Wall and Gortat are just a small snapshot of a highly successful team that executes pick-and-rolls like a smooth cake night after night.

Here's another cool stat: League-wide, Wall is 7th with 44 double-doubles and Gortat is 11th with 35. The only other teams to have two teammates in the top 20 in double-doubles are Cleveland and New Orleans. And by the way, none of those Cleveland players are Kyrie Irving.

The All-Star caliber seasons of Beal (who, like Wall, is having a career-best year) and Porter are not to be dismissed either. Plus, Brooks has found ways to get the best out of players like Jason Smith and Ian Mahinmi, and maximize new additions like Bojan Bogdanovic and Brandon Jennings.

Player endorsement

I turn to words from a recent post by Bradley Beal on his blog. The first paragraph says it all:

Everything changed this year with the arrival of our coach, Scott Brooks. Ever since he got here, the culture has been different. Everything he does is about our team, our family. Win, lose, or draw, it’s always a collective effort. I know that sounds like something everyone says their team believes in, but it’s one thing to say it, and it’s another thing to live it.

Beal says that now with Brooks at the helm, “things have been fun” and that the team enjoys "our camaraderie.”

He explains that regardless of who you are on the team, you are held responsible:

There’s no favoritism for any of us. We’re all being held to a high standard, and knowing that has actually given all of us confidence. Coach trusts us all with the same responsibility, from the top down, and it’s spread throughout the players, too. The team atmosphere is great. It’s a family, brother-like atmosphere.

Clearly, he is flourishing in the new atmosphere. He’s taken a big step forward this season and made a case for why he should be the NBA’s Most Improved Player. Beal says it all for me in so many words: Brooks deserves to be Coach of the Year.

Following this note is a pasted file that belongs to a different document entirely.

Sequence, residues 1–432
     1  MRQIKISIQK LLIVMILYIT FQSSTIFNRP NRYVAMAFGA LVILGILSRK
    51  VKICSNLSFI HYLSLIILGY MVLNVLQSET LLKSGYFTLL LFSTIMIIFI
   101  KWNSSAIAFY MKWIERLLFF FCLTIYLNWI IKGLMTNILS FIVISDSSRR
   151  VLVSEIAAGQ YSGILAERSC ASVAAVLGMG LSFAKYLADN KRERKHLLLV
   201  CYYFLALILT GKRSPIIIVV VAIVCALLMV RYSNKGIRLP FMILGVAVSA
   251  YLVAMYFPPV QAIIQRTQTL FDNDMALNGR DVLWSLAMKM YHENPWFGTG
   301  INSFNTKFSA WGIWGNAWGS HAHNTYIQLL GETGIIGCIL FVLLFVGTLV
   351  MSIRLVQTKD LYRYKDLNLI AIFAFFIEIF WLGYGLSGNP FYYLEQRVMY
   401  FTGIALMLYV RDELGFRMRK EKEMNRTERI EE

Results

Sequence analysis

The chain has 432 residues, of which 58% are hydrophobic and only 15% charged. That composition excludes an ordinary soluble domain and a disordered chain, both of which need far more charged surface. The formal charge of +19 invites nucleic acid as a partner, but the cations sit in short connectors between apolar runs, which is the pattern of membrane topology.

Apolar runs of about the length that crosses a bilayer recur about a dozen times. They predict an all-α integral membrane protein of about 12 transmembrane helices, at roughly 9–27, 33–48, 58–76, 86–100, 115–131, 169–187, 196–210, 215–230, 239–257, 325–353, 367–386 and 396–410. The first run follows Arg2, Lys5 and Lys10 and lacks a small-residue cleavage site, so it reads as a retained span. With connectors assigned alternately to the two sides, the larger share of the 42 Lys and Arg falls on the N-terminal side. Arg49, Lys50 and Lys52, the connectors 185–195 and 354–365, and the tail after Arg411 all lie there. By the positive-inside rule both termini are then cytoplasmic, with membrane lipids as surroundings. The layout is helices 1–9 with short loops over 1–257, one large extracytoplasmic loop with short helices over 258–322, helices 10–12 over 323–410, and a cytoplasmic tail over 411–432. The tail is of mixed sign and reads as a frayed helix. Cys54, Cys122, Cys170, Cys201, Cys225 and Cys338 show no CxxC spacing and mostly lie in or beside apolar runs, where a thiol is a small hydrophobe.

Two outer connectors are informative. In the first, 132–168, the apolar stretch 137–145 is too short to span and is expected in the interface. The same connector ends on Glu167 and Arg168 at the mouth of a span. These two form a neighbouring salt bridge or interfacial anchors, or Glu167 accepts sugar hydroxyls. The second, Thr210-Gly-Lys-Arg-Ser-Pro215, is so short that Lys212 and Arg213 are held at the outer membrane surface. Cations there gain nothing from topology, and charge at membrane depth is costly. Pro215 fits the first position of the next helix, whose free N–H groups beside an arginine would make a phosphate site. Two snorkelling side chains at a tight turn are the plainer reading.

Why Brooks stands out from the rest of the field

Other coaches, such as Erik Spoelstra of the Miami Heat or Mike D’Antoni of the Houston Rockets also have strong cases for why they deserve Coach of the Year consideration. D’Antoni has the Rockets firing on all cylinders, and Spoelstra just might get the Heat to the playoffs, even after losing Dwyane Wade and Chris Bosh.

Here’s why Brooks should still get the nod: D’Antoni and Spoelstra both got to bring in new players to fit their style of play. Brooks has largely had to work with the players he inherited from last season. Though the Wizards brought in several players last summer, the two biggest players were complete non-factors until February and the other summer additions didn’t add much else.

Brooks had to enter a tense situation and figure out a way to get the best out of his starters on the fly, since he didn’t have any alternatives. He was backed into a corner because of the Wizards’ roster situation and still found a way to thrive in spite of it. That’s the true essence of coaching and thus why Brooks deserves the edge over the other top candidates out there.